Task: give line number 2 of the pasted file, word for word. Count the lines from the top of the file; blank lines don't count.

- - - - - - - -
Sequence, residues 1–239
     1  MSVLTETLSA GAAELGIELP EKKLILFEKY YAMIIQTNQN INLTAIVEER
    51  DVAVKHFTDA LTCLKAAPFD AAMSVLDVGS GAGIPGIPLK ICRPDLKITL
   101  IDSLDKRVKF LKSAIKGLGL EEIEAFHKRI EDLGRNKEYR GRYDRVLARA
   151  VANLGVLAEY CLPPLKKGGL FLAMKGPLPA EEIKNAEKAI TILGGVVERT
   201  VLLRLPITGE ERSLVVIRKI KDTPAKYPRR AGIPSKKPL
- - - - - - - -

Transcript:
     1  MSVLTETLSA GAAELGIELP EKKLILFEKY YAMIIQTNQN INLTAIVEER